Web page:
Taking next-level photographs
November 2, 2017 8:07 AM   Subscribe

What are some resources to help experienced/advanced amateur photographer develop craft even further? From an aesthetic perspective, not technical.

I've been shooting photographs consistently for about 15 years now. I want to get better and take better photos. This isn't a technical question, I feel that I take good photographs technically (exposure, equipment, composition, etc). But what are some resources for advanced amateurs that offer good, critical feedback and commentary? Are there any good flickr groups still active? In-person? I live in New York City if that makes a difference.

Feel free to poke around my flickr, this is a batch of walking-around photos I just took in Shanghai that is pretty indicative of my photographs. I prefer documentary-style photographs, minimally "treated", mostly bumping contrast and sharpness a bit.

I'm not interested in shooting professionally, I just want to be as good as I can be, and continue to push myself aesthetically as the years go on. My shots over the last few years are pretty consistent, and I'm feeling like I'm on a bit of a plateau. I work as a graphic designer in a highly critical and intense studio setting (in a good way), and I'm realizing I want this type of environment for my photographs!

Although I don't think this is a technical question, if there is an equipment switch you made that changed things up, I'm open to try. I shoot with a Canon Mark III and switch between a manual focus Zeiss Distagon 35mm f2 and a Canon 50mm f1.4. Any thoughts or suggestions appreciated, thanks!
posted by Sreiny to Media & Arts (15 answers total) 27 users marked this as a favorite
I'm not a photographer, but I'm a graphic designer and I see lots of photos. Your photos are nice, but maybe a little safe? Most of your subjects seem to be centered. If I were you, I'd play around more with perspective and framing. Work with the rule of thirds, and shift your focus from the center of the frame.
posted by hydra77 at 9:35 AM on November 2, 2017 [8 favorites]

From looking at that small selection of photos, I think what's missing there is the connection. In those shots you're sniping people in the street. There's no personal connection with the subjects. Try picking a project where you spend an in depth amount of time with one or two subjects and develop a relationship and a trust. The best photographs with people have a trust and connection. It could be your niece or your grandma or some friends in a band. Make a project out of it. Work on it off and on for a month or two and see what develops.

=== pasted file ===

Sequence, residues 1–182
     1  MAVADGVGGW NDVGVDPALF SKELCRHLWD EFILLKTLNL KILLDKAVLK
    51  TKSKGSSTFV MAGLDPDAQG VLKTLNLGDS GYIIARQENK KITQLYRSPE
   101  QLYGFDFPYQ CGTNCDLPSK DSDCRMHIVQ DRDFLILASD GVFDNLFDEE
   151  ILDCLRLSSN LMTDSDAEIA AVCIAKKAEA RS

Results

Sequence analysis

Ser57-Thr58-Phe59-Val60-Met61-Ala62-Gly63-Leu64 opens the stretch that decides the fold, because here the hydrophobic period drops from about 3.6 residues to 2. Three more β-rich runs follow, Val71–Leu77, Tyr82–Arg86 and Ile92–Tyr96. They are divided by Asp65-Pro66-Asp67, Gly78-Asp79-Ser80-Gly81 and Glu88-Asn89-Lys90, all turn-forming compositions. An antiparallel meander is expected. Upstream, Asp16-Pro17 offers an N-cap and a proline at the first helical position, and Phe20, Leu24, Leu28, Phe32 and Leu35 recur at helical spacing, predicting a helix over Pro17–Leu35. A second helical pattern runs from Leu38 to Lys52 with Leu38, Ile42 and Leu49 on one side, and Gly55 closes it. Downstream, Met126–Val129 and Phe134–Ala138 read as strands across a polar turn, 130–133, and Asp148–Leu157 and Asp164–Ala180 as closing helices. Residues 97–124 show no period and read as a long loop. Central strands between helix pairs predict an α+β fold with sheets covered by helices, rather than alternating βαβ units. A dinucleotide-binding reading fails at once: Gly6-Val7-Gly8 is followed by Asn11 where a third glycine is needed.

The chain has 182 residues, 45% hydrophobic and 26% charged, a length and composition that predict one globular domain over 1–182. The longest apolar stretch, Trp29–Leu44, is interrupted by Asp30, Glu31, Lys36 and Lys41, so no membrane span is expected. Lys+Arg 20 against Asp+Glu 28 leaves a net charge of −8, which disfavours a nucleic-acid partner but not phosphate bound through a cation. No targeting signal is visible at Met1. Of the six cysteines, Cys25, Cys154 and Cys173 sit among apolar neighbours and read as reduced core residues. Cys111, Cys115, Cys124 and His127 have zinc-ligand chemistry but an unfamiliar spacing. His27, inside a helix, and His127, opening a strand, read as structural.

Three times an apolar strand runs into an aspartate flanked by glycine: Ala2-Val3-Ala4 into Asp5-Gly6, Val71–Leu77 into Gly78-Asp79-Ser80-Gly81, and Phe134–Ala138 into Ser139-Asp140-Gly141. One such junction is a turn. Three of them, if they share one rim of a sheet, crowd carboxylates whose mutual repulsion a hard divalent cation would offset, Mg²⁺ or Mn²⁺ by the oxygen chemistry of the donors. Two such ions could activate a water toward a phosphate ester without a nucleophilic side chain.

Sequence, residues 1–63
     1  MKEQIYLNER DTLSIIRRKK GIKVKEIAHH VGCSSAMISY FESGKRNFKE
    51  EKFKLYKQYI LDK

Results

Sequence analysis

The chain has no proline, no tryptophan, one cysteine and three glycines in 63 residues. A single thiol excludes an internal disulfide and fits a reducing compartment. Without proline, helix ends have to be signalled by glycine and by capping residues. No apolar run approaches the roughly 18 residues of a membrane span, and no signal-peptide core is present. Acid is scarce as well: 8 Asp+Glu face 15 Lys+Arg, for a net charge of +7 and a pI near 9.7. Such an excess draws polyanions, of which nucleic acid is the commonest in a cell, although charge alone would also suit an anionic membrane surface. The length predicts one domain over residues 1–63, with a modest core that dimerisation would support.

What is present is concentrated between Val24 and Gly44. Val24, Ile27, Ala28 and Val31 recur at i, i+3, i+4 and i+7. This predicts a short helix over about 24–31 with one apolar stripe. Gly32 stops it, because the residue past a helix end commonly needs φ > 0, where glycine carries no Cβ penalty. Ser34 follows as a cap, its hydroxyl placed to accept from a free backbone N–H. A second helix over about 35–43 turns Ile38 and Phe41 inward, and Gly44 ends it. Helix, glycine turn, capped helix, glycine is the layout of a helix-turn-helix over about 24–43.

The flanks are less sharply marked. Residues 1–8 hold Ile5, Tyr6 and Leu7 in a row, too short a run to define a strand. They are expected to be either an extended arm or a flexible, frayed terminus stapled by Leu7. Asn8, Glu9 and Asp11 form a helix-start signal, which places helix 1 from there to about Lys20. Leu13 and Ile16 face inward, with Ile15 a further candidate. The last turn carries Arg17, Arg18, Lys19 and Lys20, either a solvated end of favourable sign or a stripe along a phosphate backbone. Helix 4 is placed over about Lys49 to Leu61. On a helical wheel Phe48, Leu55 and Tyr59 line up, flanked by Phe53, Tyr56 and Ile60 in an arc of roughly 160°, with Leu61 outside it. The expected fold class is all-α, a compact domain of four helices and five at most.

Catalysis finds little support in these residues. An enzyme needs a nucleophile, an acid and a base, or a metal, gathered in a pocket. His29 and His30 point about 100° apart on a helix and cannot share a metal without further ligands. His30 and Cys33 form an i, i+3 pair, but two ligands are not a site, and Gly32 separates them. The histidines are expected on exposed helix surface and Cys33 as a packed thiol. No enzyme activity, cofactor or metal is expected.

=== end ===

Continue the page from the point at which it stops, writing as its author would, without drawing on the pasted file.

Also, join a photography club and have them audit your portfolio. At times it will hurt and you might not agree with it. But, I guarantee you'll take something away from it.

"If your photos aren't good enough, you're not close enough" -- Robert Capa
posted by trbrts at 9:35 AM on November 2, 2017 [1 favorite]

Second the comment on framing. At a quick skim of your photos: often it's good, but often it's not so great. Apologies for a simplistic resource, but here are some tips on framing, including rule of thirds, fluid eye path etc.
posted by SaltySalticid at 9:49 AM on November 2, 2017

Yes, framing and composition. Before you press the shutter, look at the composition of the image in the viewfinder - think about the rule of thirds, think about where objects are sitting in relation to each other - where is the "weight" in the image? Consider geometry, too - if there are any clearly vertical/horizontal lines, think about how they sit in the image - do you want them to create a grid, or do you want to subvert that?

Also it looks like you're nearly always taking photos from a standing position, with the camera held roughly at eye level, at about the same distance from your subjects. Switch that up - move your viewpoint around - get closer to the ground, move closer or further away.

In a number of the pictures, you've chopped part of a person or object off - this one for example - when framing your image, check so you get the whole person; in this image, the balance of person to buildings/sky is quite good, and angling the camera down would lose the sense of height, so the thing to do would be to move the camera closer to the ground instead.
posted by parm at 10:17 AM on November 2, 2017 [3 favorites]

I would second trbrts's suggestion to get closer to your subjects. It's going to be hard though.

I dabbled in photography for a while and I did the exact same thing as you: just shooting with good equipment, never getting close. I would look at new equipment as a fix for my photography. The real fix isn't in the equipment.

To make a good image, you have to put in the work. How can you shoot something that hasn't been shot a 1000 times over? How can you tell a story?

It is not very hard to take a 50mm 1.4 lens, go to an exotic location, and shoot something to look pretty.